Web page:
Week in Regulation

The Biggest Week on Record

The American Action Forum’s (AAF) “Week in Regulation” series dates back just over 13 years. There has never been a week quite like this across that span. Thanks primarily to the Environmental Protection Agency’s (EPA) latest tailpipe emissions rule for passenger vehicles, Biden Administration regulatory costs have crossed into trillion-dollar (with a T) territory. With 20 rulemakings containing some quantified economic impact, however, the EPA rule was hardly the only story of the week. Across all rulemakings, agencies published $875.3 billion in total costs and added 4.7 million annual paperwork burden hours.


  • Proposed Rules: 36
  • Final Rules: 59
  • 2024 Total Pages: 29,204
  • 2024 Final Rule Costs: $926.3 billion
  • 2024 Proposed Rule Costs: $34.3 billion


The most consequential rulemaking of the week was, far and away, the aforementioned EPA rule on “Multi-Pollutant Emissions Standards for Model Years 2027 and Later Light-Duty and Medium-Duty Vehicles.” The rule was not necessarily a surprise though, having been released roughly one month ago but only officially hitting the Federal Register this past week. The total costs (utilizing the Biden Administration’s updated discount rate of 2 percent) come out to $870 billion across a 23-year analytic window[1]. As noted by AAF upon its release last month, this discount-rate change results in sizable increases compared to the cost estimate utilizing the more traditional 7 percent, but critically, also results in a higher net-benefits estimate – representing the most high-profile example of such a dynamic yet. The rule will, justifiably, continue to command a considerable amount of political attention. There was a failed Senate vote on EPA’s ability to implement it taken on the very day of its Federal Register publication and it is merely a matter of when, not if, resolutions of disapproval under the Congressional Review Act follow.

As alluded to earlier, there were some other significant actions published this past week. For one, the Department of Energy (DOE) published its latest round of efficiency standards for “General Service Lamps.” DOE expects the updated standards to result in total “Incremental Product Costs” of $2.9 billion. The other member of this week’s Billion-Dollar Rule Club was the Department of Labor’s (DOL) latest rule on “Lowering Miners’ Exposure to Respirable Crystalline Silica and Improving Respiratory Protection.” Silica exposure standards have a long-winding rulemaking history, going back to 2003. This particular rule “is lowering its existing exposure limits for quartz or respirable crystalline silica to 50 µg/m3 and setting an action level of 25 μg/m3 for all miners.” DOL estimates that will result in roughly $92 million in annualized costs, or $1.3 billion in present value across the 60-year analysis period the agency utilizes.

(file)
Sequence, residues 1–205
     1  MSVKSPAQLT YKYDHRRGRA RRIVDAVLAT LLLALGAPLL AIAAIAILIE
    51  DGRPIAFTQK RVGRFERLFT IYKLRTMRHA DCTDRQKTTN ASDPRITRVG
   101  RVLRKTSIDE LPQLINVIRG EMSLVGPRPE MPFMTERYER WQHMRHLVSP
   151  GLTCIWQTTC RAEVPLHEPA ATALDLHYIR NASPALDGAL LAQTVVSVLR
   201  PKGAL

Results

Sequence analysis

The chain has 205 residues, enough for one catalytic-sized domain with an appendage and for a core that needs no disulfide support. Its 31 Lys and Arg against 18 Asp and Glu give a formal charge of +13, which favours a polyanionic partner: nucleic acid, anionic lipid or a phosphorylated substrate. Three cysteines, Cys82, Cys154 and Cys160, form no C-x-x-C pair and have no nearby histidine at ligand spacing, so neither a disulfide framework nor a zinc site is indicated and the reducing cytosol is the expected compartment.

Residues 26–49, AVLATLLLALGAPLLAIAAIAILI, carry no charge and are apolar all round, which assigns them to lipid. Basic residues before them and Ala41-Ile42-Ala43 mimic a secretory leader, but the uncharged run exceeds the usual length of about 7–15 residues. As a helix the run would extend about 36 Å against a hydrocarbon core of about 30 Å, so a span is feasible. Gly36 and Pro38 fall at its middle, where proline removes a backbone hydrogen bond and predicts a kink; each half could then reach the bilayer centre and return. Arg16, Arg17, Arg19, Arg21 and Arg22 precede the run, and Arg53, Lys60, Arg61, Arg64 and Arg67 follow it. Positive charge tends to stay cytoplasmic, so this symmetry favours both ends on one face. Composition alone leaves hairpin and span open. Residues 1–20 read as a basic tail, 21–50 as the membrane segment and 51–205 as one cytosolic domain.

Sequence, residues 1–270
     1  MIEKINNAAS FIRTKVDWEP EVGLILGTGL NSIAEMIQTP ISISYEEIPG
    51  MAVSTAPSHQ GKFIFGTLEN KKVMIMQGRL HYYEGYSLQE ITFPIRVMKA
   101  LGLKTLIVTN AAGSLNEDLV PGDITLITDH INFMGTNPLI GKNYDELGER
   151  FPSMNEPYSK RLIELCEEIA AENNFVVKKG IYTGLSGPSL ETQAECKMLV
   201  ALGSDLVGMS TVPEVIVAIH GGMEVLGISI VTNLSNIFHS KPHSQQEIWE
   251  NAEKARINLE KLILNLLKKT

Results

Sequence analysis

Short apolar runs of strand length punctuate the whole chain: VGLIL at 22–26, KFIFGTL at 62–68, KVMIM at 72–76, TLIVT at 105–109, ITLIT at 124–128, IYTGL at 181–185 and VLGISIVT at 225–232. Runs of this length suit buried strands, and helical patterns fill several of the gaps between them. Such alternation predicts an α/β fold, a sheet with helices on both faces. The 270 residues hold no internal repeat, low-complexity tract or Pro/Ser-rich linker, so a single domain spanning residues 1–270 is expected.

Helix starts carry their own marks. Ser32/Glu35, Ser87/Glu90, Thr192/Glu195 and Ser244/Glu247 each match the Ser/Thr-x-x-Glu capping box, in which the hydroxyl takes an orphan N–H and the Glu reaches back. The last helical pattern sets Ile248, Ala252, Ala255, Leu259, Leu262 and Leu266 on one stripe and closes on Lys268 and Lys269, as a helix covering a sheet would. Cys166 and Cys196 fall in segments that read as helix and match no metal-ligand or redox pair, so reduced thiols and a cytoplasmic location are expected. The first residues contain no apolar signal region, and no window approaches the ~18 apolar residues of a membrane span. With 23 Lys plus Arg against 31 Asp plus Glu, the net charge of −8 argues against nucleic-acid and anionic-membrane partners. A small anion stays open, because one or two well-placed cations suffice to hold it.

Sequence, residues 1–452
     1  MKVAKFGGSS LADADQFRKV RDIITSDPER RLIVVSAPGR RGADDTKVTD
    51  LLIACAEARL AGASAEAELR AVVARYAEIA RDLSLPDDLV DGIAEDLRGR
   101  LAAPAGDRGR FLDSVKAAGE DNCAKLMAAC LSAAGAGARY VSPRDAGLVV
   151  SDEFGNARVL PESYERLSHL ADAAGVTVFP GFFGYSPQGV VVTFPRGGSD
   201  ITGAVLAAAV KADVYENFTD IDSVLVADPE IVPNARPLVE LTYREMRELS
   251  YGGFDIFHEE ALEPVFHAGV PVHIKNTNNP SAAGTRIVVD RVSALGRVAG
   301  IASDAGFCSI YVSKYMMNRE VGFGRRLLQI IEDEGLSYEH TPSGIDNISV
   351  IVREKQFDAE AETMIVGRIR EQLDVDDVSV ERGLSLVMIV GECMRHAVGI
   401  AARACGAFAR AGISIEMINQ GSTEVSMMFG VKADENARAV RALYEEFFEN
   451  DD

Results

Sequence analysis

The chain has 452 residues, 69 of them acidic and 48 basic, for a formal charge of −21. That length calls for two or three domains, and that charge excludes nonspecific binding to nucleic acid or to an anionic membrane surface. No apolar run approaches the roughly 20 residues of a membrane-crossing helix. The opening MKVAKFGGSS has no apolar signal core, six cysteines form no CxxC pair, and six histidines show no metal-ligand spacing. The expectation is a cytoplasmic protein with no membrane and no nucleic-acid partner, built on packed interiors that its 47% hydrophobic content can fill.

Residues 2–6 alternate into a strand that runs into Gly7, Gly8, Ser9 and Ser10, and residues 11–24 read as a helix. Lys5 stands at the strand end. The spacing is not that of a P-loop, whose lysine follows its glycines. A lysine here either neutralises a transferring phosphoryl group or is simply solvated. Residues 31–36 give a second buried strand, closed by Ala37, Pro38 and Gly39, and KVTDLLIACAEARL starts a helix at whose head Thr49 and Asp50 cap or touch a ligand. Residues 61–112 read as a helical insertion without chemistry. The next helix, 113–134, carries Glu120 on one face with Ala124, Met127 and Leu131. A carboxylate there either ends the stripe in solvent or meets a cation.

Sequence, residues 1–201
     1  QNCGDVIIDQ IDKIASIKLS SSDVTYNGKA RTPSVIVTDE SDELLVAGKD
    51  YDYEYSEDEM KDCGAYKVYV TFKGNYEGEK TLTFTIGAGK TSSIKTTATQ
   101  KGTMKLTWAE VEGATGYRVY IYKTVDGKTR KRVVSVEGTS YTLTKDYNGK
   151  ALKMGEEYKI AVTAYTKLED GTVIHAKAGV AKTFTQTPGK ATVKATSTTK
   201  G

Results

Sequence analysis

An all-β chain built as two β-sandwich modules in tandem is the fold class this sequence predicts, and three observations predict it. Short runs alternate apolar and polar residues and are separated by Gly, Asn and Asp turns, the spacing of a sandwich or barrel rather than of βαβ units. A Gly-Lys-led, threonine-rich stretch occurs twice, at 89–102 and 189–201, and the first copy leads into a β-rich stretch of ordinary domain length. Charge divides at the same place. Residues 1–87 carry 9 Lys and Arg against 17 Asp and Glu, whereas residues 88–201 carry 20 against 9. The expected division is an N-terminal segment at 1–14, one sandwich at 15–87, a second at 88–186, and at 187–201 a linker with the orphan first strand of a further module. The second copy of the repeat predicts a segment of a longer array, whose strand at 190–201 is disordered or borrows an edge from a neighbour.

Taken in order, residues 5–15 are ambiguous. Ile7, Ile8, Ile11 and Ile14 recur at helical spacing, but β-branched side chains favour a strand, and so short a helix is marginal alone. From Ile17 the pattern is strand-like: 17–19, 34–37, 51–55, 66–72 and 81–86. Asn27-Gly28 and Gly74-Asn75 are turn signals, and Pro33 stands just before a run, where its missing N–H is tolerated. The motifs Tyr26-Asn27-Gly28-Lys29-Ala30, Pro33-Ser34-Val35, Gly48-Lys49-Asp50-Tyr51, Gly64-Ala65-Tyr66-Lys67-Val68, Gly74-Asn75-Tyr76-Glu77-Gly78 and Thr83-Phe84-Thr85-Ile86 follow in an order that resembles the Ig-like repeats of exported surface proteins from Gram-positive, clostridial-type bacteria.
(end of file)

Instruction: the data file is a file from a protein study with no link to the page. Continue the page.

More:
As we have already seen from executive orders and memos, the Biden Administration will surely provide plenty of contrasts with the Trump Administration on the regulatory front. And while there is a general expectation that the current administration will seek to broadly restore Obama-esque regulatory actions, there will also be areas where it charts its own course. Since the AAF RegRodeo data extend back to 2005, it is possible to provide weekly updates on how the top-level trends of President Biden’s regulatory record track with those of his two most recent predecessors. The following table provides the cumulative totals of final rules containing some quantified economic impact from each administration through this point in their respective terms.This past week’s regulatory haul has pushed the Biden Administration’s final rule cost tally into truly uncharted territory. That total is now measured in the trillions of dollars after roughly $875 billion in new costs from last week’s final rules. It was one thing, as AAF has noted in recent weeks, for the current administration to surpass the first-term total for the Obama Administration. This past week’s total alone, however, nearly matched the entire Obama presidency. For perspective, if “Biden Administration Regulatory Costs” were a country, its gross domestic product would rank 17th in the world, just behind Indonesia.

Neither of the other two administrations covered here had much to report for mid-April of 2020 and 2012. Each had only nominal cost and paperwork increases measured in the tens of millions of dollars and thousands of hours, respectively.


Since January 1, the federal government has published $960.6 billion in total net costs (with $926.3 billion in new costs from finalized rules) and 13.9 million hours of net annual paperwork burden increases (with 10.2 million hours in reductions coming from final rules).

[1] AAF is maintaining the same methodology it used when recording the cost estimate from the rule’s proposed version into RegRodeo. For further details see the explanation given in that edition of the “Week in Regulation.”


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